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Stamps and (implied) Bathrooms

Prompt: the four types of dialogue.






“How can I help you?”


“Hey there! I’d love to send these, and get a couple sheets of stamps.”


“No problem. This the correct address?”


She nodded, smiling.


“Ok.” He started typing.


“Are you Tim?” 


“Yep.”


“Tim, it’s so nice to meet you! I’m Ellie, David’s wife. He absolutely loves cycling with you. Makes his day. I’m so happy to finally get to put a face to a name.” She said, reaching out to shake his hand. “Forgive the mask, I’ve a newborn at home and want to be extra cautious,” she added, squeezing hand sanitizer into her palm.


“Ah Dave! Yeah, he’s great. Got a good bike there. Figure I won’t be seeing him for a little while with the newborn around?” 


She laughed, “I guess so, but trust me, he misses it.”


He smiled back at her. “Ok, what stamps can I get you?”


“Ooo, how about RBG? That’d be great since I just had a girl!”


He paused, blankly.


“Oh, sorry, Ruth Bader Ginsburg.”


“Ah. Ok.” He went to the back room and came back with a sheet. “Successful lady, but can’t say I agree with her politics.”


“Oh sure,” she quickly said, “but she’s a good role model for young girls.” Ellie was reminded she was living in the South now, and in the country to boot. No metropolitan politics for her anymore.


“So where ya from? I know Dave is a Buffalo guy, how about you?”


“California!”


“I’m sorry.” And he burst out laughing. “I’ve always wanted to say that.”


First time she’d heard that as well. She normally didn’t share certain facts about herself, only to close friends or google sleuths, but she almost shared that she was indeed Miss California for a time. 


Instead she quietly chuckled. If you can’t laugh at yourself, why bother.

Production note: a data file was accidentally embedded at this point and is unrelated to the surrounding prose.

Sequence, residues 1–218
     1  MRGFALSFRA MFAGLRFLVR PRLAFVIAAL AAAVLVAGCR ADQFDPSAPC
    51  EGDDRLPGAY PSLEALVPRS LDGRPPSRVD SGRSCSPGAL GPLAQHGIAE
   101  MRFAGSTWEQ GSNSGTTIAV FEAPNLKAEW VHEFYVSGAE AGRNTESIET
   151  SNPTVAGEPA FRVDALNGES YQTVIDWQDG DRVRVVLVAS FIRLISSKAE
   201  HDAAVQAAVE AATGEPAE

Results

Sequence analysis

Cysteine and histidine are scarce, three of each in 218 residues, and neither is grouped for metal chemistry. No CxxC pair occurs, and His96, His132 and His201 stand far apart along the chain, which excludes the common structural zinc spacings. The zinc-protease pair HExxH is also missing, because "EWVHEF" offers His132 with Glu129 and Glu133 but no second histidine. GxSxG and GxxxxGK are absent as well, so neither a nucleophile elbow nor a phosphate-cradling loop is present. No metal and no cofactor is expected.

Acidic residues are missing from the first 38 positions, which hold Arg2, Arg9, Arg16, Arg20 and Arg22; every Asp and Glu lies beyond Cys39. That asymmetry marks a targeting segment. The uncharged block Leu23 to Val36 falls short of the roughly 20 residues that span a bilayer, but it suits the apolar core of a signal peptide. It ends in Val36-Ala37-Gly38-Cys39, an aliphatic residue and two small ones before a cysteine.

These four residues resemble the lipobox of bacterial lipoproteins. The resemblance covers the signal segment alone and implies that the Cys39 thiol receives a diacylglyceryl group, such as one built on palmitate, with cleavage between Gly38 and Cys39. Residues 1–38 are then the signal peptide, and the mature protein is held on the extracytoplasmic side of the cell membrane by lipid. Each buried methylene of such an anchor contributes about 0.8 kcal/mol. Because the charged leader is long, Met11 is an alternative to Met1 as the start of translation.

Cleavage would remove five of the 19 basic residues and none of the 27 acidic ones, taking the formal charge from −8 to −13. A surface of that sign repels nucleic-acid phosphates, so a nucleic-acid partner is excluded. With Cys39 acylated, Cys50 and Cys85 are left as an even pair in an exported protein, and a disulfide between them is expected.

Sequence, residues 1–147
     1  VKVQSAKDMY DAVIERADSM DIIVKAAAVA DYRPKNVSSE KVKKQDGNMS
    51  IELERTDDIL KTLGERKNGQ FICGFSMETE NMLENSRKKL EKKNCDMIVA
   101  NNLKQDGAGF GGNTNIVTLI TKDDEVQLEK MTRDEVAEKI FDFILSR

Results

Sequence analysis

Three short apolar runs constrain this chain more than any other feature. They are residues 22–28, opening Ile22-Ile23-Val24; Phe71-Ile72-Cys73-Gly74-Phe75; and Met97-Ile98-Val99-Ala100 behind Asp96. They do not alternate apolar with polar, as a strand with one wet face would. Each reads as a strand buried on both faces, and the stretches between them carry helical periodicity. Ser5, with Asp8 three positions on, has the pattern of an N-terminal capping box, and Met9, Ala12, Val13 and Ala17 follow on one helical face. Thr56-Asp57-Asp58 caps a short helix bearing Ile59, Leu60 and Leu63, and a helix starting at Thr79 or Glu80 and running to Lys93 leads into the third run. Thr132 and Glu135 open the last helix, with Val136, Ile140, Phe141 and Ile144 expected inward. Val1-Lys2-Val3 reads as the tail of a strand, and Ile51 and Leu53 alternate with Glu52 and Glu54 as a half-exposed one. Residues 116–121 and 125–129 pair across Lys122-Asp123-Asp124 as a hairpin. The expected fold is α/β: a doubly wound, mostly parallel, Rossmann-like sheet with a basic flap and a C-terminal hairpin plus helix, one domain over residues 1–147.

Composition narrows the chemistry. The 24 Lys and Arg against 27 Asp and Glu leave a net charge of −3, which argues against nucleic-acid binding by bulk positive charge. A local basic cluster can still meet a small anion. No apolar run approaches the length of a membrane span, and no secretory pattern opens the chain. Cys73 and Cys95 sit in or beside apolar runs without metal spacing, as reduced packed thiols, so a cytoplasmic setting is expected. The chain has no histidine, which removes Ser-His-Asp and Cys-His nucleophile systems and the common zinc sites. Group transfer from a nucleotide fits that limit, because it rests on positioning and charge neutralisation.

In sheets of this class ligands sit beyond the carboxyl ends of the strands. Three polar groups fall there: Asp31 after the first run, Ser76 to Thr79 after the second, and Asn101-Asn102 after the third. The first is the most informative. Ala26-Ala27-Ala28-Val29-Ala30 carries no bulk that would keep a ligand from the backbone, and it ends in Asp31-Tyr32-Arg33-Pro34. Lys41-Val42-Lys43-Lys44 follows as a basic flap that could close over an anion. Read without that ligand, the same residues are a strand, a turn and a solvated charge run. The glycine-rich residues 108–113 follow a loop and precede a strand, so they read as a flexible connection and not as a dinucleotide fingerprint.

“You know, despite the earthquakes, constant threat of fires, and awful droughts, it really is beautiful.”


“Ehh, it’s alright. I’m not a politics person but man they are off the wall,” Tim said.


“Oh.”


“I mean, if you’re a dude, you’re a dude. You aren’t going to get my money to pay for that crazy.  What is wrong with these people? I mean, I don’t like politics, but don’t tell me you’re something when you’re not!” He continued on for a spell. He took Ellie’s silence for agreement and decided to lay into some more personal opinions. 


When he finally slowed, Ellie took a breath. 


“Well, I figure. If it doesn’t hurt me, or hurt anyone else, what business is it of mine?” 


Tim paused.


“I do agree, though, that the wealthy are trying to get us to focus on the wrong topics, fight the wrong people, the wrong fight. All while they slowly get richer and more powerful.” Ellie said as she handed over her card to pay.


“Well that’s the truth!” Tim agreed. 

Ellie politely smiled and they wished each other a lovely day. As she drove home, she debated with herself whether she would tell Dave of his companion’s diatribe. Dave always had such a fun dialogue with him about bicycles, she didn’t want to dissuade him from that.

“Welcome to the country,” she said as she turned onto her street. A gorgeous, idyllic setting. Golden wheat swaying in the lazy afternoon sun, the creek gently receding for the day. I’ll tell him another day, she thought, and pulled into their driveway.


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